As it stands today, we are simply not prepared to take advantage of opportunities that may be available to us.

We do not need another level of bureaucracy. We need a dynamic system of collaboration that allows us the freedom to work collaboratively and rapidly.

Certainly changes in the law and new or amended legislation would make it easier to move quickly. Perhaps this is another reason a constitutional convention may be in order.

The One Long Island series of inter-related concepts is an attempt to build such a system.

Friday, October 2, 2009

Survival of the fittest ...

"On April 7, Gov. David Paterson stood in the Melville office of the New York State Department of Transportation and said Long Island’s construction workers were about to get back to work, thanks to the recently approved stimulus package trumpeted by the Obama administration. Also on hand that spring day: members of New York’s congressional delegation.

The big event turned out to be little more than a photo op.

“We don’t need photo ops,” said John Durso, the president of the Long Island Federation of Labor. “We need shovels in the ground and people at work.”

That hasn’t happened.

In fact, only 15 percent of the funding allocated to New York will be used to refresh the state’s decaying infrastructure. Instead, an overwhelming portion of the money went to fill the state’s budget gap ..."

Another example of a good idea not ready for implementation due, in part, to a lack of a dynamic, collaborative system on Long Island for turning good ideas (in this case much needed public infrastructure projects) into immediate action.

In short, we are not prepared to react, adapt and take advantage of rapid changes and opportunities in our environment.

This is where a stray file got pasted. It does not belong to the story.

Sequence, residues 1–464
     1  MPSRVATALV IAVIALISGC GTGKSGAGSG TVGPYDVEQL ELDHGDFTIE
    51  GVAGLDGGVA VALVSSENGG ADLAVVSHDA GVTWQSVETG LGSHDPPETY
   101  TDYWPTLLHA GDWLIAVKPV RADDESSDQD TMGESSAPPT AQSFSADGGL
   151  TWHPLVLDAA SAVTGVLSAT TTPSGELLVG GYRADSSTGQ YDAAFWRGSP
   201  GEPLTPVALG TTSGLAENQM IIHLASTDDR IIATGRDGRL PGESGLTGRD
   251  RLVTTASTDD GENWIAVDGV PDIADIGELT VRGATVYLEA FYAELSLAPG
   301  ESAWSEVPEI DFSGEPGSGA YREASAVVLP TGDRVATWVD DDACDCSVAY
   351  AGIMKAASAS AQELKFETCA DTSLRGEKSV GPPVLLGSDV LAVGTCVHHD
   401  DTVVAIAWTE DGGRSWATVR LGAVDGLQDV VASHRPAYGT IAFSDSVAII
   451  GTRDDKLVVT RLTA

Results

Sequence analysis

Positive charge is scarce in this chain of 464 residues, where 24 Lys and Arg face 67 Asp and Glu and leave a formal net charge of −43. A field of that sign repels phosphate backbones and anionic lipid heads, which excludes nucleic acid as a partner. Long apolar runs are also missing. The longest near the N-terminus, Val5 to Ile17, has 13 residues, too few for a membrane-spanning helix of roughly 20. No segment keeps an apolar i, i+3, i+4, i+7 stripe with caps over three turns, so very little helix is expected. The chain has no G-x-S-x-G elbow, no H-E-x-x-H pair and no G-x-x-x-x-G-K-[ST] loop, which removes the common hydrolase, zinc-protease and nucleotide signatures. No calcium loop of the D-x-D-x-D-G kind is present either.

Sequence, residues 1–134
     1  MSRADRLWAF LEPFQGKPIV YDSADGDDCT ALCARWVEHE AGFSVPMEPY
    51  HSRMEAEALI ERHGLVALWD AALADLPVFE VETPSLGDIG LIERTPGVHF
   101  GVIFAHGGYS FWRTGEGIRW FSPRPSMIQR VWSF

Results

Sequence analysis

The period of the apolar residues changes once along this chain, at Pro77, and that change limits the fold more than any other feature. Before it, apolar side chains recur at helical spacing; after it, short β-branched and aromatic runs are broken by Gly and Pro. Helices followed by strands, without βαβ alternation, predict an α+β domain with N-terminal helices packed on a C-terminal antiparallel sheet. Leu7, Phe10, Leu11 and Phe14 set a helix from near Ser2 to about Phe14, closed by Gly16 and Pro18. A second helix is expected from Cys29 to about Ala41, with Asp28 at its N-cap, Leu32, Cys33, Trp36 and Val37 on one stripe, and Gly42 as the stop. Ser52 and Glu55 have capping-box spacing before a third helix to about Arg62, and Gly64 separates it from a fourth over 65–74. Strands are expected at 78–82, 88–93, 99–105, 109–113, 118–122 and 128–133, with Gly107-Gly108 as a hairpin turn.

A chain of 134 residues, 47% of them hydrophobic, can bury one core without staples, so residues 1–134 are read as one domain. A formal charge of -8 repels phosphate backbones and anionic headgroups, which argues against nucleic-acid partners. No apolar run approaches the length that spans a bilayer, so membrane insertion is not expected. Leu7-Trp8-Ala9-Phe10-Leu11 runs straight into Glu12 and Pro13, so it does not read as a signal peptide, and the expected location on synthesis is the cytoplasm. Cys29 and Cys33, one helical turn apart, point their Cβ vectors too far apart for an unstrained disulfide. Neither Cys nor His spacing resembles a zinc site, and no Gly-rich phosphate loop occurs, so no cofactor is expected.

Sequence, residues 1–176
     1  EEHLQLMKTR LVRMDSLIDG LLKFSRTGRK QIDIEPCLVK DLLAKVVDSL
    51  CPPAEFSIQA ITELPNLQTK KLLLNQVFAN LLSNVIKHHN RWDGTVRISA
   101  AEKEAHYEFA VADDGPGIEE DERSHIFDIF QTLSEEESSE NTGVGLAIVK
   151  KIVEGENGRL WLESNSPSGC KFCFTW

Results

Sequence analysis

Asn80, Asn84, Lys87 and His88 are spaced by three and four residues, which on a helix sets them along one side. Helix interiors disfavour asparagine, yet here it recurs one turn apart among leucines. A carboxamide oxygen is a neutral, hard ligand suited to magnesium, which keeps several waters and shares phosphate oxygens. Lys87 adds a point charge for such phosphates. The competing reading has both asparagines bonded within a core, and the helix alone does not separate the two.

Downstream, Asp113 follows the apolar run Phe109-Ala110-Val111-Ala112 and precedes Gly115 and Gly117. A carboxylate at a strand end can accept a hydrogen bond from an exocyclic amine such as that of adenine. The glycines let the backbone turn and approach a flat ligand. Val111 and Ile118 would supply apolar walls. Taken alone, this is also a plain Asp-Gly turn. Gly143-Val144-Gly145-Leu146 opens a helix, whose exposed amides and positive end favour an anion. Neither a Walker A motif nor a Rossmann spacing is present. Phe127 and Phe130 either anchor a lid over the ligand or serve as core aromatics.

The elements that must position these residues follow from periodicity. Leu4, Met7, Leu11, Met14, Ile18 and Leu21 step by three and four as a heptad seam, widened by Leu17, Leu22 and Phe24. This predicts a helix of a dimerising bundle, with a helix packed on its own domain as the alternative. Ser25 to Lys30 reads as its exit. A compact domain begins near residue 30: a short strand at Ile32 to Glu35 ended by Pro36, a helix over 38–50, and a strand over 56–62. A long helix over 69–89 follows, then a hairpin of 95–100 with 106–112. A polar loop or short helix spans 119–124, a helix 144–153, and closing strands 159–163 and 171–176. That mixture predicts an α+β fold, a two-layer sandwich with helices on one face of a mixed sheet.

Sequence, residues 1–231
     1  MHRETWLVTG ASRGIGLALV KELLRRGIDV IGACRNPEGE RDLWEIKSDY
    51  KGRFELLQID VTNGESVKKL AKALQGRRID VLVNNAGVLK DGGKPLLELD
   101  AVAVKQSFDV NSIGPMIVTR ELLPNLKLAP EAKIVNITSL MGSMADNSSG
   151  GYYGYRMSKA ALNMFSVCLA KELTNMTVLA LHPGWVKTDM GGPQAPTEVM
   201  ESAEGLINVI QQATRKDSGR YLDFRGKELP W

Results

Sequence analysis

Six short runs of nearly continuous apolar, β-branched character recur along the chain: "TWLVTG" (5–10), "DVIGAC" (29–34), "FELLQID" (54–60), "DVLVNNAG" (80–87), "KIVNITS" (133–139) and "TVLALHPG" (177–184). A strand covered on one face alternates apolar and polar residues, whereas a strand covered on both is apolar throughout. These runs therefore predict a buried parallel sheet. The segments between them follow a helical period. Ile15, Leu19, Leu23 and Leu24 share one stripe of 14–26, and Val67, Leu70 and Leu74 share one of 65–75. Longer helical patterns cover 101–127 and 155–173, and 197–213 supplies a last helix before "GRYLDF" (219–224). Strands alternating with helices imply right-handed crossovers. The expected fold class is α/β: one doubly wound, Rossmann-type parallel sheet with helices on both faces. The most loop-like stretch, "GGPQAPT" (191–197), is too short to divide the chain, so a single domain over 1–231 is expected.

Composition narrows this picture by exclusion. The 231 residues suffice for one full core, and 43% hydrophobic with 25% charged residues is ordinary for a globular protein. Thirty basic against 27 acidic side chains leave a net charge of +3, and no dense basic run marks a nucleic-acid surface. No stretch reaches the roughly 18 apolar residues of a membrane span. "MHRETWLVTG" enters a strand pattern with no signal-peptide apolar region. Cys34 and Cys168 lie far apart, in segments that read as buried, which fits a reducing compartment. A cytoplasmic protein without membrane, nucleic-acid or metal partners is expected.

In nature and business this is usually a fatal flaw.

The One Long Island series of dynamic "inter-related" concepts is an attempt to remedy this problem and create a platform for Long Island's future success.

Thursday, October 1, 2009

NYS Constitutional Convention

"A "People's Constitutional Convention" must tackle procedural challenges, restoring democracy in our government, realigning the concept of checks and balances that strengthen the division of power making certain one branch doesn't dominate another. To do this, the convention must be nonpartisan as well as demographically and geographically diverse so that every population is represented. We can achieve this, together."

Yet another call for a Constitution Convention in New York.

It's probably a good idea to "air out" democracy periodically.

However we can not have the requisite participation without first giving the public the tools to participate in a meaningful way.

The One Long Island series of dynamic ideas offer a blueprint for achieving this meaningful participation. It would make the NYS Constitutional Convention a living, breathing rethinking of how government works in collaboration with the public.